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Old 28th May 2022, 01:29 AM   #1
CSinTX
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Default A Heavy Weight Crossbow

More than two years, and I have now caught covid for the first time. Not being one to just sit around, a couple motrin and out to take some pictures of a crossbow Ive had for a while. I dont know a lot about it except it's big and heavy.

I think for castle defense? Approximate age? Does anyone know of similar examples? Period art work?

What time period were the four pins used to secure the parts?

I think the string is likely a replacement?

What would the empty holes in the top be for?

Is the trigger in its original configuration or would it have been fired with a lever when first made?

Lots of pictures!

Thanks a bunch!
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Old 28th May 2022, 01:30 AM   #2
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Old 28th May 2022, 01:48 AM   #3
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CS, have you searched the term 'crossbow' here for posts by matchlock?
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Old 28th May 2022, 01:10 PM   #4
fernando
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Interesting item indeed, Casey. What do you understand as big and heavy; can you tell its length and weight ?
Somehow it looks like this target example from the second half 17th century. Only that this one's stock length measures 935 milimeters and weighs 5 190 grams.
Can you take a picture of yours in the same position as this one i show? Just curious to know how 'different' they are .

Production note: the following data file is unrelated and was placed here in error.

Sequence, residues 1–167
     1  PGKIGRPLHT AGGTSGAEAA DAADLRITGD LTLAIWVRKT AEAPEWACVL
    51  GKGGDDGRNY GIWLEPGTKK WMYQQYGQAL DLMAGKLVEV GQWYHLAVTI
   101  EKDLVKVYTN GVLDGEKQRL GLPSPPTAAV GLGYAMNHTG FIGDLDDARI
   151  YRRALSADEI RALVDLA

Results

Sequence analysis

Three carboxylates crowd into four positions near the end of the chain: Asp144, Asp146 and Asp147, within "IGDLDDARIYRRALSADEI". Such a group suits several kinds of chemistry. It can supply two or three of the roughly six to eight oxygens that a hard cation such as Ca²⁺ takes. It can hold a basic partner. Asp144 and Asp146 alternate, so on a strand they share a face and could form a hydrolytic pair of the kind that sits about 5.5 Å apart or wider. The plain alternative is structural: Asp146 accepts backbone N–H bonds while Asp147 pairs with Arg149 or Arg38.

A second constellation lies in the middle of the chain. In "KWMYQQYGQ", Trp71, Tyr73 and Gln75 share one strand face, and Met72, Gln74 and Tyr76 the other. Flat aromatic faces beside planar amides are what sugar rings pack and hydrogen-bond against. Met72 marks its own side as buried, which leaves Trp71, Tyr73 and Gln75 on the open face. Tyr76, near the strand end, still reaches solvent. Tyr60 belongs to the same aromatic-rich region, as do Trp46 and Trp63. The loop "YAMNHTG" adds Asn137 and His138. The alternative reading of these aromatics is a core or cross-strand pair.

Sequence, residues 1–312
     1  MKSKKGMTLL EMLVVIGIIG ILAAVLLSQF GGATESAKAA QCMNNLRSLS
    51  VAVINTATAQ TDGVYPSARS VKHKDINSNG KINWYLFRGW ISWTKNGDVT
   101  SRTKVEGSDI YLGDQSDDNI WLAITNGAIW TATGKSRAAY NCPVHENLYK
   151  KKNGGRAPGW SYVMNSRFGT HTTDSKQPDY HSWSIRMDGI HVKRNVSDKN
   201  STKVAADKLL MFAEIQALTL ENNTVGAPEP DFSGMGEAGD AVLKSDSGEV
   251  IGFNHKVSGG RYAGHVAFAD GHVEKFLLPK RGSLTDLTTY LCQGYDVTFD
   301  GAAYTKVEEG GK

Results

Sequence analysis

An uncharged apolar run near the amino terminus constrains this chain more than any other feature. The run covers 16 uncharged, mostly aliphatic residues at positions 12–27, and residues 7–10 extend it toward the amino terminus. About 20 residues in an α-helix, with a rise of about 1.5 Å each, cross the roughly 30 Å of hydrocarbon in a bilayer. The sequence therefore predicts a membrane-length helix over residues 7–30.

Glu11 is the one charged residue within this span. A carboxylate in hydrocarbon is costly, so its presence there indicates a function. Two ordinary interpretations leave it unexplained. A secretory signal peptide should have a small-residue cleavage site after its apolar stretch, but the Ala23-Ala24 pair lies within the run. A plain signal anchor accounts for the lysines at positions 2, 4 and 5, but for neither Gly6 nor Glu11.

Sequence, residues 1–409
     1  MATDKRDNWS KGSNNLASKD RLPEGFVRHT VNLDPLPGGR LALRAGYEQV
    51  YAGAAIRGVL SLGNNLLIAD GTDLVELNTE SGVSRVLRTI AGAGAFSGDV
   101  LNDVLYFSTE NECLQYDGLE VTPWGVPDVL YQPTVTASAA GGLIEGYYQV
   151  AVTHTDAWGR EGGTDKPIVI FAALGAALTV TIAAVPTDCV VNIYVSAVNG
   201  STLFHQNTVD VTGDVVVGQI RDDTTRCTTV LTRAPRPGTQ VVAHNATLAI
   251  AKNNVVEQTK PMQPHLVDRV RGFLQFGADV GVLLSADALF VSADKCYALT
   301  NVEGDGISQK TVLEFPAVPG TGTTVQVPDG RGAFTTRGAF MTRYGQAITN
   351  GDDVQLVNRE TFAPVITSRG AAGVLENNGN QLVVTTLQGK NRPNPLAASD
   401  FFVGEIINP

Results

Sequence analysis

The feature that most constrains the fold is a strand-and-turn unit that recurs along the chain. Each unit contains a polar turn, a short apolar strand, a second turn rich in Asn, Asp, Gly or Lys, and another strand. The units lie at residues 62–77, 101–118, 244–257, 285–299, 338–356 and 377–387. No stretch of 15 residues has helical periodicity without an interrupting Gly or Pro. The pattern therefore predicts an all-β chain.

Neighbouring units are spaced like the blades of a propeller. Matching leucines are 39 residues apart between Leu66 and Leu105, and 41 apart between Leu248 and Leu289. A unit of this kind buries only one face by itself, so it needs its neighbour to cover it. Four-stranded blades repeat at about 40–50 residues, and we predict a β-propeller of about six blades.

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Old 28th May 2022, 03:42 PM   #5
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It is a Flemish/Dutch target crossbow from the beginning of the 18th century. It is not a combat bow to defend a castle.
With this crossbow, competitions were held, targets in the form of a wooden rooster were shot.
The winner was named "Gilde Koning" and was allowed to wear a silver chain with a King's bird as recognition for the coming year.

A round pin is pressed in one of the empty holes to tension the trigger spring, you can do this a simple with a screwdriver. ps The nut must be in the correct position.

The string of the bow was tensioned by a system of two levers with rope, pulleys and hooks mounted at the rear of the stock.

best,
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Old 28th May 2022, 04:30 PM   #6
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Ah ... betrayed by the absence of the so called English Windlass .
Excelent ID and comprehensive info, Jasper .
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Old 28th May 2022, 06:47 PM   #7
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I was able to get it weighed and measured.

Weight- 7.1kg
Overall length- 104cm
Width across the bow- 84cm